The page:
Saturday, January 30, 2016

Editing Collections in MVC

At work we've been rebuilding some of our core applications.  As a part of that effort I've been working on an internal MVC 4 solution used to provision our multi-tenant application.  The application fits nicely into the MVC pattern, it's a simple CRUD app.  The user fills in forms and posts them to the server.  Everything was great until I started working on more complex forms that are for aggregate root objects.  How do you edit the child collections on the parent object without round tripping to the server?  In this scenario we want to edit the child collections and post the object back to the server one time.

For development speed I didn't want to introduce the complexity and overhead of Angular 1.x or 2.x, and I didn't want to lose the strong typing and unobtrusive client side validation that .NET MVC provides.  While Angular has its place, it feels like overkill to need another client side framework to edit a few collections in a form.  To keep complexity low I wanted to find a pattern that used as little java-script as possible and would be usable throughout the application.

After digging into the issue I found several blog posts on the topic, among those the two below explain the principles of how this works.

Phil Hack - 2008 - Model Binding To A List

Ivan Zlatev - 2011 Series - Editing Variable Length Reorderable Collections in ASP.NET MVC – Part 1: ASP.NET MVC Views

The heart of the issue revolves around MVC model binding.  The default model binding uses the object and property name as the html id and name attribute.  For example, say we have an object called Asset with a property Url that is placed into our view using the EditorFor Html helper.

This would result in raw HTML that looks like this...

<div class="form-group">
    <label class="control-label col-md-2" for="Asset_Url">URL *</label>
    <div class="col-md-10">
        <input class="form-control text-box single-line" data-val="true" data-val-required="The URL * field is required." id="Asset_Url" name="Asset.Url" type="text" value="~/Content/DealerContent/23138/site.css">
        <span class="field-validation-valid text-danger" data-valmsg-for="Asset.Url" data-valmsg-replace="true"></span>

Notice the id, for, name, data-val-required and data-valmsg-for all our object name and property in them.  Also be aware that using EditorTemplates and nesting your model through the templates will affect this naming scheme.  For example in another of my apps I have an id that looks like this, "Client_ClientSecrets_0__Description". These are the attributes that MVC model binding and unobtrusive client side validation tie into. If you write out a collection you'll notice that an index position gets added into the attribute.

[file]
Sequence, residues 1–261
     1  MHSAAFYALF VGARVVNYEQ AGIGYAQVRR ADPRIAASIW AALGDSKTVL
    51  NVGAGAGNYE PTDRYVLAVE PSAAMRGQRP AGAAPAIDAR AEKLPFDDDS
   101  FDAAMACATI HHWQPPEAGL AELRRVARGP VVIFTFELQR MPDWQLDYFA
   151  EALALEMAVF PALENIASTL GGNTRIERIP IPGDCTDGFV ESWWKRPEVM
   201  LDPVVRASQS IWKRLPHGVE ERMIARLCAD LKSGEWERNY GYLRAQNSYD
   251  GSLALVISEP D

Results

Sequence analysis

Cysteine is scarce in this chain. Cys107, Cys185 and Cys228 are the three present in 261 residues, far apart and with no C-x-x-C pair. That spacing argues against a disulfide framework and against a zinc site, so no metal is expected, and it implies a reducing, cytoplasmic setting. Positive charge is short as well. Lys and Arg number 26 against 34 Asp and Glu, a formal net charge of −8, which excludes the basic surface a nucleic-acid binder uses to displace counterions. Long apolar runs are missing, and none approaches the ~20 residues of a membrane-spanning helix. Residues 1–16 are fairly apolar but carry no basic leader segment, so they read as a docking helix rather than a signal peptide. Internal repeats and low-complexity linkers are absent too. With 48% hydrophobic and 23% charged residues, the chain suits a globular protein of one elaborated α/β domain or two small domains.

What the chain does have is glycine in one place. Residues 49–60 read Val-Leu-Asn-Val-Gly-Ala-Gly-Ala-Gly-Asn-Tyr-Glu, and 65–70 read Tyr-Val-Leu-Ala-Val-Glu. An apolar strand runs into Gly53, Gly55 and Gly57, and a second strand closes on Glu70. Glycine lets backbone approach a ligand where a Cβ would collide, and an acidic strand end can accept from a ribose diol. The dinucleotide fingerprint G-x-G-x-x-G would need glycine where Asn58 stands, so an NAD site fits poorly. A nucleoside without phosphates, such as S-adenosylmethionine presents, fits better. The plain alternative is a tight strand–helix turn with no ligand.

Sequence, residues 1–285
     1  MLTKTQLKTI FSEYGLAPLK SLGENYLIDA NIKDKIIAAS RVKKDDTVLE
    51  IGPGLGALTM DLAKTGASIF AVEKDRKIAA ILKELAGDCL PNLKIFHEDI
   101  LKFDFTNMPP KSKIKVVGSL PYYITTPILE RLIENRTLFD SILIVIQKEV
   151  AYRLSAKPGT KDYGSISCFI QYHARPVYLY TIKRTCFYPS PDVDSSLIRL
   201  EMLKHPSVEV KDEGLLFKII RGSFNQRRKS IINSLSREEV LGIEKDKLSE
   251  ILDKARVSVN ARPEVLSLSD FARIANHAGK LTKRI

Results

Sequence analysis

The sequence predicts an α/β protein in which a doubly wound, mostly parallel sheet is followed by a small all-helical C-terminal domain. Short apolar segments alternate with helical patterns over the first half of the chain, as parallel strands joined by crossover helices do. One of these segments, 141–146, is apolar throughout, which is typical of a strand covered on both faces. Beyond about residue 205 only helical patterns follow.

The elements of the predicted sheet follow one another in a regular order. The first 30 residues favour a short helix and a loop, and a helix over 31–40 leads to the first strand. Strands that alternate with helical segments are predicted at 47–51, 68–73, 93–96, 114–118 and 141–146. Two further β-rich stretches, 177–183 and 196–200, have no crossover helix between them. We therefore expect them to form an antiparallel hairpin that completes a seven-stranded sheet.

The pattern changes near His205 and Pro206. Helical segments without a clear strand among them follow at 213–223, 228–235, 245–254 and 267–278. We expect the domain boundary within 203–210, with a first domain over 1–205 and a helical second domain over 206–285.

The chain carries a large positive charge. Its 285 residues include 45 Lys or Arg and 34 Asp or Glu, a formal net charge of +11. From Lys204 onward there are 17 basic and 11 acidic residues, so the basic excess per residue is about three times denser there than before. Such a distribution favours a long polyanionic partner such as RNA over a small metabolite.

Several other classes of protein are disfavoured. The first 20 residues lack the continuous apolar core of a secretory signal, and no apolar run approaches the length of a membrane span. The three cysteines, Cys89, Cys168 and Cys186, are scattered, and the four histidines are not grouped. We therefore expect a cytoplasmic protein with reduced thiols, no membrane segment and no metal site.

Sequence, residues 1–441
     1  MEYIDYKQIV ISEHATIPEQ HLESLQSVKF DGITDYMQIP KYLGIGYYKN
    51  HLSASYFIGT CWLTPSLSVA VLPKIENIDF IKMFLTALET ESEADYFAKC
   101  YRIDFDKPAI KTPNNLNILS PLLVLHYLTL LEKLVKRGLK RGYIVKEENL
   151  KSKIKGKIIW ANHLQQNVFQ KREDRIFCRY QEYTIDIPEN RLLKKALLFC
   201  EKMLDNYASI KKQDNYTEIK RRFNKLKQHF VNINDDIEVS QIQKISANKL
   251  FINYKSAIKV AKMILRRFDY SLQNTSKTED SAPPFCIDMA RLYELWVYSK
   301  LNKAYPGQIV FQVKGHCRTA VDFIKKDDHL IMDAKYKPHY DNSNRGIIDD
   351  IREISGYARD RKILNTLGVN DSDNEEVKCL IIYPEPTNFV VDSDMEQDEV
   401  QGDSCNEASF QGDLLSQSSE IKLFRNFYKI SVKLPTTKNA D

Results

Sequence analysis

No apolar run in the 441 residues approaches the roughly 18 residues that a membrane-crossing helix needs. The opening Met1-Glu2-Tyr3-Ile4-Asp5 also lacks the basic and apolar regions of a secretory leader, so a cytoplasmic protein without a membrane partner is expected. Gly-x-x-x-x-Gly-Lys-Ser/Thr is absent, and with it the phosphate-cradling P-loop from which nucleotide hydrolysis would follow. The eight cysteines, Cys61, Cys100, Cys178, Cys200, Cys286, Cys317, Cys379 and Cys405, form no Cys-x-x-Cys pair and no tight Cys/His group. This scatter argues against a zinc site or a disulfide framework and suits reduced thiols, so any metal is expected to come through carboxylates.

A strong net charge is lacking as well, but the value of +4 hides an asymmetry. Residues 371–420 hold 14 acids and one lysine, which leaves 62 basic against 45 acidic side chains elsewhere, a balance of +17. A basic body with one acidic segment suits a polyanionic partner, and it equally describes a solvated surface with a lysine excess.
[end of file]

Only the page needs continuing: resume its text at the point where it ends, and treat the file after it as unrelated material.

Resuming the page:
<div class="col-md-10">
    <input class="form-control text-box single-line" data-val="true" data-val-required="The URL * field is required." id="Assets_0__Url" name="Assets[0].Url" type="text" value="~/Content/DealerContent/23138/site.css">
    <span class="field-validation-valid text-danger" data-valmsg-for="Asset[0].Url" data-valmsg-replace="true"></span>

MVC model binding knows you have a collection when it picks up the index in the html attribute names. It's smart, but finicky. If your indexes get out of sequence when your form posts you'll find collections that are missing items.

To recap and boil the problem down, when editing collections client side the html input elements must be formatted as the model binder expects, and the collection index must stay in order.

 As a side note, we are also interested in keeping the unobtrusive client side validation working. The wiring for validation runs after the page loads, therefor items added dynamically into the page are unknown by by client side validation. To get around this we'll add in little extra jQuery magic.  Now onto the code.

One significant thing to note is that this solution doesn't use any C# html helpers.  We use a simple for loop with the editor template to write out our collection.  The for our partial template item, the editor template is reused.  If you want to avoid loading yet another JavaScript library, this may be a useful pattern!